• Melissa Hills

Caught out Childcare Centre down 54K

Written by David McNeil

Hi everyone,

There was a story that broke a week ago about a child-care centre that got defrauded $54K. A hacker managed to intercept an invoice from the builder who was working on the centre and rewrote it with their own bank account number before sending it on to the client.

What a nightmare! There would have been an extremely low chance of detection by the client as the email address was spoofed. One character in the email address might have been different and that’s all. Once the money was received and then moved by the hacker there was no way to recover the money again.

Of course, the first thing we think about is how likely is it that this could happen to me?

To answer that we need to have a look at the likely ways that this attack took place. I’m not saying these are the only ways it could happen, far from it, there could be more than 20 ways, but I just want to focus on a few that are common to this scenario.


To intercept a document in this way, we call it a Man-In-The-Middle attack. This, as it suggests, means that a hacker managed to put something in the middle of the mail’s journey of getting from the Builder to the Client and stopping it from getting passed on.

How can a hacker get control over the Client’s or Builder’s inbox? In my opinion, it’s more likely that it was the builders mail that was compromised. Businesses get targeted often in this way and any mail that might have the words like “invoice”, “payment”, or “billed” in them will get held by the hacker until they can be changed into what the hacker wants them to say.

So how can a hacker do this?

A lot easier than you think!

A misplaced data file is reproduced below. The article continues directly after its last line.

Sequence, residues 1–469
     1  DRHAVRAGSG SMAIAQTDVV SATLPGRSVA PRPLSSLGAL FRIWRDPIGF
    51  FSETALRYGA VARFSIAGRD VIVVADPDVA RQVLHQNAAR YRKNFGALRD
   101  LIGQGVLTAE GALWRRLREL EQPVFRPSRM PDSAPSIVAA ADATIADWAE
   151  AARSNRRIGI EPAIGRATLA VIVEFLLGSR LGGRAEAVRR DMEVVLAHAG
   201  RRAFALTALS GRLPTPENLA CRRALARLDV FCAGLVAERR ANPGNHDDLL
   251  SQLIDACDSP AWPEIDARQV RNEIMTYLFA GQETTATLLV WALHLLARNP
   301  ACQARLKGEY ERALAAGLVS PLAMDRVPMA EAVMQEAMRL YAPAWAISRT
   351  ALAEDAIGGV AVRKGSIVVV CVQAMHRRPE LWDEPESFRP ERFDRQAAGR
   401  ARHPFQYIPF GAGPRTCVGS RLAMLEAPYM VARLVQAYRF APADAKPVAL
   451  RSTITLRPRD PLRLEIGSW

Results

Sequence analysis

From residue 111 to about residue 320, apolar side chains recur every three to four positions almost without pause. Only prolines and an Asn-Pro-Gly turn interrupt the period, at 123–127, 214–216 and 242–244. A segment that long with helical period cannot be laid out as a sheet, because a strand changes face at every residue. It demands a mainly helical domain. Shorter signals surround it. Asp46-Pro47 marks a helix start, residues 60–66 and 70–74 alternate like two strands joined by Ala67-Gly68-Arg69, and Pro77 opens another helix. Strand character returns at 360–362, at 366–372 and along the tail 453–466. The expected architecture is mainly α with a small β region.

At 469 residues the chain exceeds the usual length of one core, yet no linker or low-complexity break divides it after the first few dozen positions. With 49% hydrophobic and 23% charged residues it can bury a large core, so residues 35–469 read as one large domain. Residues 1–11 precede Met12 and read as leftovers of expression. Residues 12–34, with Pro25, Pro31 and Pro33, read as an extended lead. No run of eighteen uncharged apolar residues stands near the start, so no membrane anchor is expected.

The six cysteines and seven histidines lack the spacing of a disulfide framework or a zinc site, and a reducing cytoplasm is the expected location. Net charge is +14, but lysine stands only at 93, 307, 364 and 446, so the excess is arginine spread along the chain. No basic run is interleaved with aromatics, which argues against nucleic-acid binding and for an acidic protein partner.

The first way I want to talk about, is a “Rogue network” or an “Evil twin” network. What a hacker will do is set up a free public Wi-fi spot, usually at a hotel or a public hub and call the network something innocuous like “Free Wi-fi” or if it’s near a café “Coffee Culture 2” or any other name that is extremely similar to a well-used free Wi-fi. I picked Coffee Culture solely because it was the last place I went for coffee that had free Wi-fi. No accusations here! Once you click on the hacker’s network, the internet will work and everything will look and feel just fine, but the hacker now has complete access to any information passing across the network. Usernames and passwords, bank account details, email addresses. Hacker gold.

How do you stop this from happening? The easiest answer would be to never use a public Wi-fi but sometimes it’s just necessary. Think of a businessman needing to do a skype conference call on a laptop while at the airport. The other answer is to install a VPN. This is a program that encrypts your network traffic so that even if a hacker can see it, they can’t read it. VPN’s come in many different qualities, but you really should pay for one. There are free ones, but either their quality is dubious OR they only let you use a small amount of data. Save yourself a nightmare and just go and pay for a highly recommended one. Do a bit of research!


OK, so the next way I want to cover involves an action taken from the user of the computer and it can be as simple as clicking on an attachment or link in a seemingly safe email. We call it a “phishing” attack. As in, throw a whole lot of bait out there, wait for someone to bite and then reel them in. As an example, there was an email making the rounds very recently that looked authentically from Linked In.